Mechanism reduces energy requirements for OLEDs
Scientists have developed a new mechanism that could significantly reduce the amount of energy required by organic light emitting diodes (OLEDs).
RIKEN and the University of California San Diego scientists, in collaboration with international partners, have developed a way to manipulate the 'excitons' — pairs of electrons and holes — that are key to the transport of electrons within OLEDs.
Current passing through the device creates such pairs, which then change to a lower energy level and emit visible light in the process. Normally, the excitons in OLEDs arise in two patterns, with the spins being either the same (triplets) or opposite (singlets). The singlets require more energy, and although they can be converted into triplets, the device still requires the energy to create them in the first place. In the study, the researchers found a way to lower the voltage so that only triplets are formed.
They researched the physics behind the creation of excitons using precise single-molecule electroluminescence measurements using a scanning tunnelling microscope (STM) combined with an optical detection system.
The researchers prepared a model system based on an isolated molecule of organic semiconductor 3, 4, 9, 10-perylenetetracarboxylicdianhydride (PTCDA), adsorbed on a metal-supported, ultrathin insulating film. They imparted a negative charge to the molecule, used the current from an STM to induce luminescence in the molecule and monitored what type of exciton was created based on the emission spectrum.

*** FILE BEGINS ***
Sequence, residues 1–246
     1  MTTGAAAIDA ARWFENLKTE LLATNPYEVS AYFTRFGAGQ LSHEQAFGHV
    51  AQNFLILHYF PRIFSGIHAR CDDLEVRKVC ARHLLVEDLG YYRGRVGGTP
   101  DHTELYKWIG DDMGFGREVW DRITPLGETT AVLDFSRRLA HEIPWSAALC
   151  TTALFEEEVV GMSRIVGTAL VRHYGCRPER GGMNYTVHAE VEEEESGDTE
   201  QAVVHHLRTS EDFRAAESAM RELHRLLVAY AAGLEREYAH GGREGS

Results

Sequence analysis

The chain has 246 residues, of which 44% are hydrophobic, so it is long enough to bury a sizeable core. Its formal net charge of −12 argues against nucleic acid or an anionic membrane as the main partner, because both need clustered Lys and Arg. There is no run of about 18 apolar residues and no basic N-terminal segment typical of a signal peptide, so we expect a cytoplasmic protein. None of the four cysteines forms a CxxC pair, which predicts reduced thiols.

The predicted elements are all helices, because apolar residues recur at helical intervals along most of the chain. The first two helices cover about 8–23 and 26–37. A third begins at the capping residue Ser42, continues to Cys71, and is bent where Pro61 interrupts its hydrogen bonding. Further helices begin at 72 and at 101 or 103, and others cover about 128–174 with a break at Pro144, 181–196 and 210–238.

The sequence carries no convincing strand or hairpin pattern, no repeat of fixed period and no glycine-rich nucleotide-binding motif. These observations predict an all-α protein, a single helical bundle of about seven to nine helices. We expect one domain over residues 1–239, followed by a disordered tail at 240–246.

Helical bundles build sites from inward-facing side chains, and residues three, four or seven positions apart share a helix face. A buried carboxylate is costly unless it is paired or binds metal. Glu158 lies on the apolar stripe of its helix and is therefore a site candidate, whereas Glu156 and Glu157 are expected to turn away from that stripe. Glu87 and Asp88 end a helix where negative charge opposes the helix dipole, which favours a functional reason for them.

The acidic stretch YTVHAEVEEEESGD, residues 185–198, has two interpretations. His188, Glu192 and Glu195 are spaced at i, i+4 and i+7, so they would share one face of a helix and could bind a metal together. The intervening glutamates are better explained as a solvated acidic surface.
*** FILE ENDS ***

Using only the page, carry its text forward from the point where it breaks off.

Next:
The measurements showed that at low voltage, only triplets were formed. Theoretical calculations confirmed the results.
"We believe that we were able to do this thanks to a previously unknown mechanism, where electrons are selectively removed from the charged molecule depending on their spin state," said Kensuke Kimura of the RIKEN Cluster for Pioneering Research.
Yousoo Kim, Leader of the Surface and Interface Science Laboratory in the RIKEN CPR, said: "We believe that these findings could become a general working principle for novel OLEDs with low operating voltage."
The research was published in Nature.
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